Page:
The partnership will take a deep dive to understand girls’ personal, social and contextual barriers and will consider insight from lockdown and what can be learned from this. Understanding the barriers of the least active girls and co-creating inspirational, accessible, and meaningful experiences with them will be a key element of the approach.
Working together with young women, the partnership will co-design a fun co-curricular programme, in which girls can try new activities like dance, boxing, fitness and yoga, and discover the ways they love to get active and stay active. The project will include support to teachers and unique experiences for girls from Sweaty Betty Ambassadors.
Nicola Marshall, VP of the Sweaty Betty Foundation, said:
“We are delighted to be working with the Youth Sport Trust to empower girls to get more active. As a Foundation, we are passionate about supporting girls who have the least opportunity to be active to try new activities to find what they love to get active, and stay active, for life.
“We’re especially excited that Youth Sport Trust will be supporting schools to co-design new activities with girls as we believe that it is girls themselves who have the best ideas about what works.”
The programme will be designed with girls in 12 schools in East London, Leeds and Glasgow over the autumn and winter of 2021, with the pilot being evaluate in spring 2022.
Ali Oliver MBE, Youth Sport Trust CEO, said:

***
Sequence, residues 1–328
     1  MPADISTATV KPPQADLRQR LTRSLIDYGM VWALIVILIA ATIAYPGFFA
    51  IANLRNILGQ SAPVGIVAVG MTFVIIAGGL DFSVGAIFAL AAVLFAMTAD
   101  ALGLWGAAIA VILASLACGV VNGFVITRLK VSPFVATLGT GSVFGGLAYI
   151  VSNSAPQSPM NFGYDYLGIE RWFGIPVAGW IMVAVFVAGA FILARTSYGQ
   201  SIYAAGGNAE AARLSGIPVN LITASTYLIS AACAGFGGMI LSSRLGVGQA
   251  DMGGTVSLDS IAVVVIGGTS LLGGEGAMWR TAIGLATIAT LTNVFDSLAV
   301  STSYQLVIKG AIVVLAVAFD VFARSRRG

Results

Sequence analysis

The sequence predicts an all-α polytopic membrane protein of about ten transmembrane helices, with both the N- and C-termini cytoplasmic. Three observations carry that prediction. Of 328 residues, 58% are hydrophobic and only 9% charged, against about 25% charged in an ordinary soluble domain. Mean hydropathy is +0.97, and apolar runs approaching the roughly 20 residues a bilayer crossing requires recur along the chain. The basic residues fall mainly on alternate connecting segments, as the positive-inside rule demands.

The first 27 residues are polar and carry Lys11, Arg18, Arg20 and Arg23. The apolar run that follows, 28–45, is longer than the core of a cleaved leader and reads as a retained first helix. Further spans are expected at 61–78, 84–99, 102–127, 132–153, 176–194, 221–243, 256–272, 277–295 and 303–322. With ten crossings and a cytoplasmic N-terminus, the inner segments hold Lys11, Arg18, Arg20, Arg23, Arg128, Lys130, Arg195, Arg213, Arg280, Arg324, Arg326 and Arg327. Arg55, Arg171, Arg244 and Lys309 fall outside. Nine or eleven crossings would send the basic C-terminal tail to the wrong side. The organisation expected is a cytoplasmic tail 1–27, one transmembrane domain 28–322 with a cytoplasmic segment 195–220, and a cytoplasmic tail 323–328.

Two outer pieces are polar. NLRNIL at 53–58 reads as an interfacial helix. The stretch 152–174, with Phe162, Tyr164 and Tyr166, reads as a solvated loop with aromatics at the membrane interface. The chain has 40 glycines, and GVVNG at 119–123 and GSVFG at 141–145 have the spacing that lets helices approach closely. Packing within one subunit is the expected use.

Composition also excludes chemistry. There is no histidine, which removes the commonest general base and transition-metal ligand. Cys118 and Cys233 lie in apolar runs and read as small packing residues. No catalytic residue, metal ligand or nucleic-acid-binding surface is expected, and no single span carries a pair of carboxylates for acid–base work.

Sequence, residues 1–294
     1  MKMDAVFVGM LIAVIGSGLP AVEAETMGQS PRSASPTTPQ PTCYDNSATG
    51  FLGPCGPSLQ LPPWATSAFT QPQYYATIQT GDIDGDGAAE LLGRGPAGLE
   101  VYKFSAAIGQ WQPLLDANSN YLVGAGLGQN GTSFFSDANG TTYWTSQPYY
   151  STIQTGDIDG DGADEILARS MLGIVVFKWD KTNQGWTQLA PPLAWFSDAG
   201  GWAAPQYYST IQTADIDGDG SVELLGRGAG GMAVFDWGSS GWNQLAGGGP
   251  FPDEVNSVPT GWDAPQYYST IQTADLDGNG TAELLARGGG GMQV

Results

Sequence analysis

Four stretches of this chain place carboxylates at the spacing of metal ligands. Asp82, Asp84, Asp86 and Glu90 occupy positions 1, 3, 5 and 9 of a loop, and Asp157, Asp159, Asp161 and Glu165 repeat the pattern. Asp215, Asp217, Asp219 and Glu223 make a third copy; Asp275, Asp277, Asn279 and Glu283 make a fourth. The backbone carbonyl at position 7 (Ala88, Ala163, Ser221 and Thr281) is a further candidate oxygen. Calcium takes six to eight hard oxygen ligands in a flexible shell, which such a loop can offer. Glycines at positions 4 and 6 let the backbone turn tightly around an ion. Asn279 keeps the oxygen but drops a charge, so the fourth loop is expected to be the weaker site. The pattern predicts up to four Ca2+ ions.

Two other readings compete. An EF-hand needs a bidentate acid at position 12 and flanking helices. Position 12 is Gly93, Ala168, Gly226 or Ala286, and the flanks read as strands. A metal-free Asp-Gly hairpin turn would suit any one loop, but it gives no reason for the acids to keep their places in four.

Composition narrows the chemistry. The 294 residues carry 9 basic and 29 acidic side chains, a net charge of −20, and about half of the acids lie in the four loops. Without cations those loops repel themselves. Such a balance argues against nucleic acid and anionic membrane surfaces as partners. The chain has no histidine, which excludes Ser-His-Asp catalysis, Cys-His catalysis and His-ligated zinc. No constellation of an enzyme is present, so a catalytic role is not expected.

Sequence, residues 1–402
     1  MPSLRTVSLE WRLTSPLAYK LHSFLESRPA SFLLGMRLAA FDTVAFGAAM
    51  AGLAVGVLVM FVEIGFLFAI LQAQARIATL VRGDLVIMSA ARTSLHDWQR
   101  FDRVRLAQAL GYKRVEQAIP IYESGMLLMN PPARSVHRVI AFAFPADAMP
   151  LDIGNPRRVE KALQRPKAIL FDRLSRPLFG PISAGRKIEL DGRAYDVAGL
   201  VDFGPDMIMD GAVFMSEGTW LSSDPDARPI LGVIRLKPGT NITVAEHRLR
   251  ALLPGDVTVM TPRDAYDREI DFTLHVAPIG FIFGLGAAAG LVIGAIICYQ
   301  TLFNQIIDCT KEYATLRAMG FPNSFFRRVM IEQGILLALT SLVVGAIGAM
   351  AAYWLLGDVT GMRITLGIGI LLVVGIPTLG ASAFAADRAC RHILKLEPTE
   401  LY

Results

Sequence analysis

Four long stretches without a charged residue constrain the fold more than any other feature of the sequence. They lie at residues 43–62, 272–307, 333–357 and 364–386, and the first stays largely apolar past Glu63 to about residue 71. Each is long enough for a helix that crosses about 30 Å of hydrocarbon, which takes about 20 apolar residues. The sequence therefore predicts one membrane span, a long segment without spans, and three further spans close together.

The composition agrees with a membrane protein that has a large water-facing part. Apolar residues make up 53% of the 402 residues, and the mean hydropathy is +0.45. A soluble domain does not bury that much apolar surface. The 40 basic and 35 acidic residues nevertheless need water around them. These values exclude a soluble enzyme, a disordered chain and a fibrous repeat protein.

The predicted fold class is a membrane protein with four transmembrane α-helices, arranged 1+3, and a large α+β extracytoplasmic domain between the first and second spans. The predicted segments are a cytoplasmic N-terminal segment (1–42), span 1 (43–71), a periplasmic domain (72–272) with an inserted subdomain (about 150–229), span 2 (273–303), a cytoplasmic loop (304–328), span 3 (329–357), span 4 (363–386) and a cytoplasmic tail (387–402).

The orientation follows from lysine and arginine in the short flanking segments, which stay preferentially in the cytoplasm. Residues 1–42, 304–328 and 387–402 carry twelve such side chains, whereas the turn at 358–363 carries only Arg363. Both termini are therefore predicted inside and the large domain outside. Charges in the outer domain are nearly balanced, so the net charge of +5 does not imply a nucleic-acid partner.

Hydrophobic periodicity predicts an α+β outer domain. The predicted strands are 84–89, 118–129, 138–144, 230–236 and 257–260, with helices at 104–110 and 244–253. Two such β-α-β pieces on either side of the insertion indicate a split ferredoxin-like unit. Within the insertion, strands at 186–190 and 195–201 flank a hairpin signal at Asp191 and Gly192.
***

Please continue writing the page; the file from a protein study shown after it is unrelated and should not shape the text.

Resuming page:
“This is an exciting moment in time to further understand the personal and social barriers that prevent girls from getting active. Physical activity contributes so much to improved wellbeing and through sport we can help young women develop confidence, aspirations, and important life skills.
“We know that this pandemic has impacted girls’ and boys’ relationships with physical activity and PE differently, and we would like to thank the Sweaty Betty Foundation for supporting us to help those girls, teachers and parents who are most disadvantaged and least active.
“We are incredibly excited to be working with Sweaty Betty Foundation to empower teenage girls to develop strong foundations for a lifelong love of movement underpinned by our learning from Girls Active and working to cocreate with girls’ experiences that are right for them.”
For more information on the partnership visit www.sweatybettyfoundation.org